Dads who spend more time reading may encourage their sons to do the same.
That’s according to new parenting advice due to be presented to experts in Australia this week, the Sydney Morning Herald reports.
Looking at families in the UK, Killian Mullan – a research associate at the Social Policy Research Centre at the University of New South Wales – found that boys most eager to read were those whose fathers enjoy reading themselves.
A minimum of 50 minutes of daily reading was required to have an identifiable influence on the child, and the father needed to be visible to the child while thumbing through his favorite book or newspaper.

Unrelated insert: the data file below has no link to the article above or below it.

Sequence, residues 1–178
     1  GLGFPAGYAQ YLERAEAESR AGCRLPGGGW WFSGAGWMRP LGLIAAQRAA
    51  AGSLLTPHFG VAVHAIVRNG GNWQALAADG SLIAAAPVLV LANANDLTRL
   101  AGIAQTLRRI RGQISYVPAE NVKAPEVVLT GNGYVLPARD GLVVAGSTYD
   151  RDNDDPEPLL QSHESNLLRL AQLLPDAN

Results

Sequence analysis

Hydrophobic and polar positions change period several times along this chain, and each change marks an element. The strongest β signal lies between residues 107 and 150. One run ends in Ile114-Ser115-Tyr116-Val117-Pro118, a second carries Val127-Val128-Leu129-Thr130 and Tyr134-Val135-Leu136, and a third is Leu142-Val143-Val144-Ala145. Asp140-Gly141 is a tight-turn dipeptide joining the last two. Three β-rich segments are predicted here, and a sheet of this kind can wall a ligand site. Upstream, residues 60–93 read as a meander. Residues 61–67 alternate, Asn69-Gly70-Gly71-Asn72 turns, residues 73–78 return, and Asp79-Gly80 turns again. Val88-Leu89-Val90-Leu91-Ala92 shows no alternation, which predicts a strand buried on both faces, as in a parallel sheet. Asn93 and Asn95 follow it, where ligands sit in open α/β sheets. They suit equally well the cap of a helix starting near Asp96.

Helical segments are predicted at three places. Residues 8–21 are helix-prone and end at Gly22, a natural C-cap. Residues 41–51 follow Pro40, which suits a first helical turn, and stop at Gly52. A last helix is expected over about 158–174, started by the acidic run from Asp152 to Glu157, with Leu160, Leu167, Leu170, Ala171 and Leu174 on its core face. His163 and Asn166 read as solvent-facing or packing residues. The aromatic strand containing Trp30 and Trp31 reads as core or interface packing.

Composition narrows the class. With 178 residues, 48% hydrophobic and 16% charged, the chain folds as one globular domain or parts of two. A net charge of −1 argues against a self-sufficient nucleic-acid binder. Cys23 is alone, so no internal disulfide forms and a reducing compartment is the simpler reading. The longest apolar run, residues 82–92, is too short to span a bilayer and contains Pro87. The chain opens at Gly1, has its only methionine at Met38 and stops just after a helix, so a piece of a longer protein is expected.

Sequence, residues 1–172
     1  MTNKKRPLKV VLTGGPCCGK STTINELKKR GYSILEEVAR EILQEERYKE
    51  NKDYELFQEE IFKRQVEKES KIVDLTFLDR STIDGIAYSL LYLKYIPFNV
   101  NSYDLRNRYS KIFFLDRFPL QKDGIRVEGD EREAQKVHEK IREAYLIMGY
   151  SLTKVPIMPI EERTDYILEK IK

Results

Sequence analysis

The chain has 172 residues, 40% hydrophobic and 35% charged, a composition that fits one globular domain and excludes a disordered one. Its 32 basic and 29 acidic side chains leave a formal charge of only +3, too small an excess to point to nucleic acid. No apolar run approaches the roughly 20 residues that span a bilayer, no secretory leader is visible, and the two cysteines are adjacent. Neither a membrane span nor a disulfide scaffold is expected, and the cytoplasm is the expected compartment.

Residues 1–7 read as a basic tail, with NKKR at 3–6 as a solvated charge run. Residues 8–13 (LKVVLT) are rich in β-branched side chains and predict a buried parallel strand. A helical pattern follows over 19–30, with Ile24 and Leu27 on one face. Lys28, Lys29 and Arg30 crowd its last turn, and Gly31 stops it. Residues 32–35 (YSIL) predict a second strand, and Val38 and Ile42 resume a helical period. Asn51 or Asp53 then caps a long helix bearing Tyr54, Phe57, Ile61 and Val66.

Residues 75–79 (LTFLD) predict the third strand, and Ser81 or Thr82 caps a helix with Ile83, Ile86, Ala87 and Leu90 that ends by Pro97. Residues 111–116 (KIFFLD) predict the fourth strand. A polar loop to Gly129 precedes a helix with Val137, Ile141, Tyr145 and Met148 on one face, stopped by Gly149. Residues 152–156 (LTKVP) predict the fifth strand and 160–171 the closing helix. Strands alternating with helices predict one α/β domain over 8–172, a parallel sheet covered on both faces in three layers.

The research confirms a long line of evidence suggesting boys have more difficulty engaging with written material than girls.
Jon Scieszka, children’s author and the U.S. Library of Congress’ national ambassador for children’s books, recently told the Washington Post that boys needed to be enticed with more than simply fiction.
"They’d rather read nonfiction or humor, graphic novels, science fiction, action adventure, audio books, or online reading and magazines," Scieszka was quoted as saying.